In many of the cases of underage labor we’ve discovered, the culprit behind the violation was a third-party labor agent that willfully and illegally recruited young workers. In January 2012, for example, we audited a supplier, Guangdong Real Faith Pingzhou Electronics Co., Ltd. (PZ) that produces a standard circuit board component used by many other companies in many industries. Our auditors were dismayed to discover 74 cases of workers under age 16—a core violation of our Code of Conduct. As a result, we terminated our business relationship with PZ.
But we didn’t stop there. We also learned that one of the region’s largest labor agencies, Shenzhen Quanshun Human Resources Co., Ltd. (Quanshun), which is registered in both the Shenzhen and Henan provinces, was responsible for knowingly providing the children to PZ. In fact, to obtain the workers, this agency conspired with families to forge age verification documents and make the workers seem older than they were.
We also alerted the provincial governments to the actions of Quanshun. The agency had its business license suspended and was fined. The children were returned to their families, and PZ was required to pay expenses to facilitate their successful return. In addition, the company that subcontracted its work to PZ was prompted by our findings to audit its other subcontractors for underage labor violations—proving that one discovery can have far-reaching impact
Highlights from the 2013 Report:
• We conducted 393 audits at all levels of our supply chain—a 72 percent increase over 2011—covering facilities where more than 1.5 million workers make Apple products. This total includes 55 focused environmental audits and 40 specialized process safety assessments to evaluate suppliers’ operations and business practices. In addition, we conducted 27 targeted bonded labor audits to protect workers from excessive recruitment fees.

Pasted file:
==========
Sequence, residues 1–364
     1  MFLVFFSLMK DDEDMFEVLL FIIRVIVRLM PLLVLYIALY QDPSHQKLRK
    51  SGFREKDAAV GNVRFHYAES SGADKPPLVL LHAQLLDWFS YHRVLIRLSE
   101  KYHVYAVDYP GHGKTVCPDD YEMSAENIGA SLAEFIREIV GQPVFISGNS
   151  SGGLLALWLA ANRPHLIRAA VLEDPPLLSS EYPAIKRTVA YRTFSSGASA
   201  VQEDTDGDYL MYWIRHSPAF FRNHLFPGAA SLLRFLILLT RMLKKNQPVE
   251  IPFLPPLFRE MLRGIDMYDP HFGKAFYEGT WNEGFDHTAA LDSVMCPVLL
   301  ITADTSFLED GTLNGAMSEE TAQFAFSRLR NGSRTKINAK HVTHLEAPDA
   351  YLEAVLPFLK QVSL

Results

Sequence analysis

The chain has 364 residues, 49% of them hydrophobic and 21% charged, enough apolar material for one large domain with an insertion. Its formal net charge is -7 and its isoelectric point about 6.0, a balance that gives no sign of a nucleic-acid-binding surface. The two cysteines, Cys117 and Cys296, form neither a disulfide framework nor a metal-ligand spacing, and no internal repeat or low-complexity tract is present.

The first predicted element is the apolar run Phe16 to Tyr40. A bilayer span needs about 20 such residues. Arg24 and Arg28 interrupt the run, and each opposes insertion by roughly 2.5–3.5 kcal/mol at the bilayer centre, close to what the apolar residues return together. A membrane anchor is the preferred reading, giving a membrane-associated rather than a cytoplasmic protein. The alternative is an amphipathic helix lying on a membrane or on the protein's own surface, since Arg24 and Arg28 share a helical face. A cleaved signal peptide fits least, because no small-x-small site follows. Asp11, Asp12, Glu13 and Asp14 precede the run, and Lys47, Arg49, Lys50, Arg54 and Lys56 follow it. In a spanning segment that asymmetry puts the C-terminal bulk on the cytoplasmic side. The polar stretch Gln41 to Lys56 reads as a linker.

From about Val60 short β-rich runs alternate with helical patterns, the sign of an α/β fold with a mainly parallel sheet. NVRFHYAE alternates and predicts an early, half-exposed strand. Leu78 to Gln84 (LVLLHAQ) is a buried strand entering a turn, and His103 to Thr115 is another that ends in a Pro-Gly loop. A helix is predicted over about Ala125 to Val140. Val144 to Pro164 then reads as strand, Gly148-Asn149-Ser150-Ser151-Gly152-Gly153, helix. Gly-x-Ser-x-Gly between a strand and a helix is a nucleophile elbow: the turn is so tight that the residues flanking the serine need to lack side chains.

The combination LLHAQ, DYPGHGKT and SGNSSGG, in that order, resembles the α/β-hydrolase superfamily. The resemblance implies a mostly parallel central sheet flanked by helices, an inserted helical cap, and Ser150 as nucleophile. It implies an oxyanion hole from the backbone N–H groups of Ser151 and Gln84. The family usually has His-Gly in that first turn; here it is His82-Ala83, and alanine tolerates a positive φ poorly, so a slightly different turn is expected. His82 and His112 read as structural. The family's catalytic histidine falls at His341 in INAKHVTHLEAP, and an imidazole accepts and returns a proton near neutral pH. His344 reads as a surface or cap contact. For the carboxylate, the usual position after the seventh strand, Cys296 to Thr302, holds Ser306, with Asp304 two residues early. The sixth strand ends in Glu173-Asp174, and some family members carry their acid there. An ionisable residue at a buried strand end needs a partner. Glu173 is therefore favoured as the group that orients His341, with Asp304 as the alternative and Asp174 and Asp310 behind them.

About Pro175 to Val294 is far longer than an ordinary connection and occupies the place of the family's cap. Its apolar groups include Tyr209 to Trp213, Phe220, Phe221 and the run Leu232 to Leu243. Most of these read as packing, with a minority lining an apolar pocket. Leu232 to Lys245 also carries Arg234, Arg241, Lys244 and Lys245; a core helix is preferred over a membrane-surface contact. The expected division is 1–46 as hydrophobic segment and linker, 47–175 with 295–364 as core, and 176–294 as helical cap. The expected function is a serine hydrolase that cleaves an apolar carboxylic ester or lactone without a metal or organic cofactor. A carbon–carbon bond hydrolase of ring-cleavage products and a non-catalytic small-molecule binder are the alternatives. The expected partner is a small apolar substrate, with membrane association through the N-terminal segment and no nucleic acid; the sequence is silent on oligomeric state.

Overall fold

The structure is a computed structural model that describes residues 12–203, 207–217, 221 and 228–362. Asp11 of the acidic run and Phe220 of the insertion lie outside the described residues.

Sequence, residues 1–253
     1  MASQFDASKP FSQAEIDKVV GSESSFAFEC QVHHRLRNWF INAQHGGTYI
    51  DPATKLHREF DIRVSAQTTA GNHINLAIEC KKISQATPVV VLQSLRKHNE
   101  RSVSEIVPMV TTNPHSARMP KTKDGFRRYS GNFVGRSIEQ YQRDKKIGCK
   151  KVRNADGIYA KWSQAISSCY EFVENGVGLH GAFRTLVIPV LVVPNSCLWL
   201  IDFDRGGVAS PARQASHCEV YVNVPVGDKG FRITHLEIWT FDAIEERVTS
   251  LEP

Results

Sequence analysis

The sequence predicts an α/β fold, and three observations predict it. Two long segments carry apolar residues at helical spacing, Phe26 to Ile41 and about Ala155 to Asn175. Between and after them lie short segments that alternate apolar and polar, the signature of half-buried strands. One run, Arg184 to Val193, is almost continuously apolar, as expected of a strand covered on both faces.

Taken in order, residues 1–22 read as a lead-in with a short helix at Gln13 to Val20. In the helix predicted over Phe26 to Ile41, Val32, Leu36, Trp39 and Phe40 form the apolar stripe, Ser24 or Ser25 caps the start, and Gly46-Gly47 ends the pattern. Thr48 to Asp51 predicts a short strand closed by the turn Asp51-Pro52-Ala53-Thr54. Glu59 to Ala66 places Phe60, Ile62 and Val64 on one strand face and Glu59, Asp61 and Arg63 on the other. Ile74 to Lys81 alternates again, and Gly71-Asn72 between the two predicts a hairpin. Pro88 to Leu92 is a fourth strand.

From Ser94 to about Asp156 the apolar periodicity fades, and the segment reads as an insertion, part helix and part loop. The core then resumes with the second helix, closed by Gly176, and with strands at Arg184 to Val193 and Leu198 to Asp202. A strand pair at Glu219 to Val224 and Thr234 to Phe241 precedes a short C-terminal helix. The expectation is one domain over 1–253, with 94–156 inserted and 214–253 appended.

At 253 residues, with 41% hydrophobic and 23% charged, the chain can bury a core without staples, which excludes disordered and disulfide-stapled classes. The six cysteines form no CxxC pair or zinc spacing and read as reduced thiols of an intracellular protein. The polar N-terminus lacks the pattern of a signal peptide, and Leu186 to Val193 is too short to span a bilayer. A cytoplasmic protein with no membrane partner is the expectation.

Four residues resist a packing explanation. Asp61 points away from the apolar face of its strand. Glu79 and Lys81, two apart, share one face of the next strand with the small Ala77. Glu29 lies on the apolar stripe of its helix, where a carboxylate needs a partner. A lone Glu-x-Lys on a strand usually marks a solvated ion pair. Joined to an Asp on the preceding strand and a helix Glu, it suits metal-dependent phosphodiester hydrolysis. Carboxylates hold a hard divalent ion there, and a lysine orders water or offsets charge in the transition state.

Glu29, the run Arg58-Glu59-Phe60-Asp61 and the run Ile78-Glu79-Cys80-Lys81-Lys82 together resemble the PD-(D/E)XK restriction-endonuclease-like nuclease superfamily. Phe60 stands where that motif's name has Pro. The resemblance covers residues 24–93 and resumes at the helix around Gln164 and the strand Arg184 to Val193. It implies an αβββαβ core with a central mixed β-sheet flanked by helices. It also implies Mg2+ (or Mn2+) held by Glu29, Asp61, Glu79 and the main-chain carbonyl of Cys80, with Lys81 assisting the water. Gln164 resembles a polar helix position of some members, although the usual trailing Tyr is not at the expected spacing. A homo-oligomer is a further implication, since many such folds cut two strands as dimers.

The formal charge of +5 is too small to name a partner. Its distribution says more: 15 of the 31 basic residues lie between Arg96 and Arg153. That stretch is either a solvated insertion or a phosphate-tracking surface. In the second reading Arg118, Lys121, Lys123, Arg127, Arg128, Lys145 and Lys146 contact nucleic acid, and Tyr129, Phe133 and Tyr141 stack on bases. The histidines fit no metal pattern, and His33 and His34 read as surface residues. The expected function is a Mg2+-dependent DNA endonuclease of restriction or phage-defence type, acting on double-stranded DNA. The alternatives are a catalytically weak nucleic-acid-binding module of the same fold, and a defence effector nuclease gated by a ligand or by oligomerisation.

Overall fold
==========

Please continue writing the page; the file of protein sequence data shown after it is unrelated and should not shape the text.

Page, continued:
• Taking on the industrywide problem of excessive work hours, we achieved an average of 92 percent compliance with a maximum 60-hour work week. We are now tracking more than 1 million workers weekly and publishing the results monthly on our website.
• In 2012, Apple became the first technology company to join the Fair Labor Association (FLA). At our request, the FLA conducted the largest-scale independent audit in its history, covering an estimated 178,000 workers at our largest final assembly supplier, Foxconn. The FLA’s independent findings and progress reports have been published on its website.
• We extended our worker empowerment training programs to more workers and more managers. In 2012, 1.3 million workers and managers received Apple-designed training about local laws, their rights as workers, occupational health and safety, and Apple’s Supplier Code of Conduct. That’s nearly double the number of workers trained by this program since 2008.
• We increased our investment in our Supplier Employee Education and Development program—which offers workers the opportunity to study business, computer skills, languages, and other subjects at no charge—expanding from four facilities to nine. More than 200,000 workers have now participated in the program.
• Continuing our efforts to protect the rights of workers who move from their home country to work in our suppliers’ factories, we required suppliers to reimburse US$6.4 million in excess foreign contract worker fees in 2012. That brings the total repaid to workers to US$13.1 million since 2008.
The full report can be found here.